Of the giant alternative strategies that have struggled lately, “Gars is the 1,000lb gorilla” of the bunch, says Sleep.

As the biggest fund in the IA Total Absolute Return sector, the mega fund’s performance woes over the past three years have been heavily spotlighted in the press, much to the annoyance of the management team.

In 2017, there were £10.7bn in outflows for the mega fund, up from £4.3bn in 2016. The fund has shrunk from its peak size of £26bn down to its current £17.9bn.

Data from Kepler Partners shows the UK and Luxembourg versions of Gars in the bottom 10 macro alternatives strategies year to date as at 30 June 2018.

“Our thesis is that a lot of hedge fund products, particularly in the past, have been overpriced relative to the alpha it can deliver and to how much return it can deliver per unit of risk that it takes,” Ingham explains.

“The problem a lot of investors have is if you target a relatively low overall risk and have quite high fees, it creates a disproportionate drag on your expected return.”

Ingham says this effect is exacerbated in a low interest rate environment “where there is nowhere to hide” and investors do not have the benefit of decent carry from their cash positions.

Gars, Aims and Invesco Perpetual Global Targeted Returns all aim to achieve cash plus 5% per annum over a rolling three-year period. Newton Real Return aims to deliver cash plus 4% per annum over five years before fees and a positive real return over a rolling three-year period.

Old Mutual’s Gear has a slightly different agenda in that it aims to generate an absolute return above zero performance “irrespective of market conditions” over rolling 12-month periods. “In a lot of fund strategies if you can return half a unit of return for a unit of risk, you are doing quite well,” Ingham continues. “Not a lot of products are sold on those types of expectations.”

Dismal data

Data from Kepler Partners paints a dismal picture for returns across the whole of the alternatives board.

The report divides the alternative Ucits universe into eight indices based on strategies, including equity long/short, event-driven and macro, and tracks performance over the year to 30 June 2018.

Only one index (equity long/short) ended the period in positive territory, albeit sub 1%.

On average, the weakest-performing strategies have been managed futures, which houses Winton Diversified and Fulcrum Multi Asset Trend funds, followed by multi-strategy in which Pictet Diversified Alpha and Jupiter Merlin Real Return appear. The former index is down by 4.57% year to date, while the latter is down by 2.74%.

However, some alternatives Ucits have risen to the occasion this year, including several offerings from Crispin Odey’s hedge fund boutique.

After compiling performance data from the eight indices in the Kepler study, three funds from Odey’s firm made the list of top 10 alternative Ucits. Odey Giano European was the best performer in the six months to the end of June, with returns of 16.6%. The €173m European fund, which is run by the Brexit-backing billionaire himself, has gained 20% during the first half of the year, reversing several years of terrible performance.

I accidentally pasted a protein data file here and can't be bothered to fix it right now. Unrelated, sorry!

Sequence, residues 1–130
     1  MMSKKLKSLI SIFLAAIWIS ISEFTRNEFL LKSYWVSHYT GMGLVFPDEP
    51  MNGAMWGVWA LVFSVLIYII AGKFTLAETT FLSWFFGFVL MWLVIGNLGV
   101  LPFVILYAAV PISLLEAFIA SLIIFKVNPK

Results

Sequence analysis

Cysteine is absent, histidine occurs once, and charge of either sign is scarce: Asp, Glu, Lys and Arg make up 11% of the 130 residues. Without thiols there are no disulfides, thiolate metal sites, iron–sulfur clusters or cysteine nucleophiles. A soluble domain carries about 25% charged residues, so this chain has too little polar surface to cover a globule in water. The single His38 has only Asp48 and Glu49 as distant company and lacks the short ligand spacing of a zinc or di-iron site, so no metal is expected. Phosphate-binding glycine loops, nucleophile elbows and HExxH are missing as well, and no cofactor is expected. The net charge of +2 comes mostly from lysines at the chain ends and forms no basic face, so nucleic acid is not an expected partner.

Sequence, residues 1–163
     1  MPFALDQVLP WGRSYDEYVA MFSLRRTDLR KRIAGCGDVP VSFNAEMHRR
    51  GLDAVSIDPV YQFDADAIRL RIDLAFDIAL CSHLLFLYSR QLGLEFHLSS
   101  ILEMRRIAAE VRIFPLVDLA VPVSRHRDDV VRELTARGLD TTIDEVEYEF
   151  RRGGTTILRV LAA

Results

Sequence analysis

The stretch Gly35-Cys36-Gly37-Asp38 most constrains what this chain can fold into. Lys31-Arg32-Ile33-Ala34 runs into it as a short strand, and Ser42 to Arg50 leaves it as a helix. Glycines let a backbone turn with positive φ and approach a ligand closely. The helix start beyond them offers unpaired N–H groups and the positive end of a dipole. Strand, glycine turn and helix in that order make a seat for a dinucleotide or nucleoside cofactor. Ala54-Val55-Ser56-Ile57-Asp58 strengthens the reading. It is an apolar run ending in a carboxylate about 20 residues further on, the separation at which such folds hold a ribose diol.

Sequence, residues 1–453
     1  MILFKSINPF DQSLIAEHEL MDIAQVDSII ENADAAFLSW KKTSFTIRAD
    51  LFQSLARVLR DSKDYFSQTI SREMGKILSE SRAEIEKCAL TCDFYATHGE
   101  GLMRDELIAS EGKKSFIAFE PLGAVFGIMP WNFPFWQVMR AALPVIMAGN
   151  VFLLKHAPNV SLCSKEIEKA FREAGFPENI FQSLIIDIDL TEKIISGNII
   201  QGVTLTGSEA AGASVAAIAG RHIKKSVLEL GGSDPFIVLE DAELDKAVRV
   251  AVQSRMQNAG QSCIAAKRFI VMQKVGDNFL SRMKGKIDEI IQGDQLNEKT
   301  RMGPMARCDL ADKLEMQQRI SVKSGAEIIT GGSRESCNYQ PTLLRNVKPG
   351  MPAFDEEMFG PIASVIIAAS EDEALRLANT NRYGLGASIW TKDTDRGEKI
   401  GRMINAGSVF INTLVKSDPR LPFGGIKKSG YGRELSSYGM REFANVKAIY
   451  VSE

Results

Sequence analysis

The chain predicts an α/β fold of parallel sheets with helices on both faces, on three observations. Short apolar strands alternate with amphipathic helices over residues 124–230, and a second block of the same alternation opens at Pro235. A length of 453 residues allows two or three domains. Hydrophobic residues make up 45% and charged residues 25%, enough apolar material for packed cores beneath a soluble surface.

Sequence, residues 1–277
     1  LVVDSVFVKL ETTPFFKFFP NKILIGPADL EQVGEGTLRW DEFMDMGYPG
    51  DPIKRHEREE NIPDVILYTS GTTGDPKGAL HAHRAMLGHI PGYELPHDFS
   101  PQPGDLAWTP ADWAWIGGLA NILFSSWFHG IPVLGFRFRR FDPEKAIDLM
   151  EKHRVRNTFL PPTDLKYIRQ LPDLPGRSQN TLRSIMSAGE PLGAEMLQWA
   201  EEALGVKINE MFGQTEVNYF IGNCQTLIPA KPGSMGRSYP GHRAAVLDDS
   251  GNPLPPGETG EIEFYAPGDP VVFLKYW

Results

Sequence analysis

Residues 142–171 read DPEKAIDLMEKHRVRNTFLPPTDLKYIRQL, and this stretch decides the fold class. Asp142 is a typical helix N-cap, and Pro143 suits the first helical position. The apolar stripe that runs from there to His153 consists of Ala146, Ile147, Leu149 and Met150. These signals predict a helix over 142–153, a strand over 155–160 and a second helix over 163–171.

Odey European’s gains have been good news for the Schroders multi-manager range, led by Marcus Brookes, which holds between 1% and 3% in the fund across its various portfolios.

Odey European has been the biggest driver of performance year to date of its alternative investments. Some of its fund of funds, such as the Schroder MM Diversity, have as much as one-third of their portfolio invested in hedge funds. Other portfolios in the range have zero exposure.

Robin McDonald, a fund manager for the Schroders range, says in aggregate the team has upped its exposure during the past 12 months.

Caveat emptor

McDonald says it is crucial for investors to understand what they are buying. The Schroders multi-manager team does not invest in Gars, Aims or Invesco Global Targeted Returns.

“While many funds might aspire to generate a positive return in all market conditions, we think it is just that – aspirational,” says McDonald. “There are no free lunches and absolute return funds have to take risk to generate a return like everybody else.

“On balance, if the market is more sympathetic than not to their views and positioning, they will stand a good chance of generating a positive return. But the opposite is also true.”

Rory McPherson, Psigma’s head of investment strategy, says picking the right alternatives funds requires “a forensic analysis of the manager, the process and then keeping very close scrutiny over any changes in order to maintain one’s confidence that it will do what is says on the tin”.

He says his best alternatives performer this year has been the Neuberger Berman Putwrite strategy, which provides defensive exposure to the US equity market.

“The managers are essentially selling insurance on the market in addition to investing in it,” says McPherson. “This means they can participate in the upside, but also get a cushion should the market sell off. These are attributes we think are hugely attractive given the fullness of valuation within the US market.”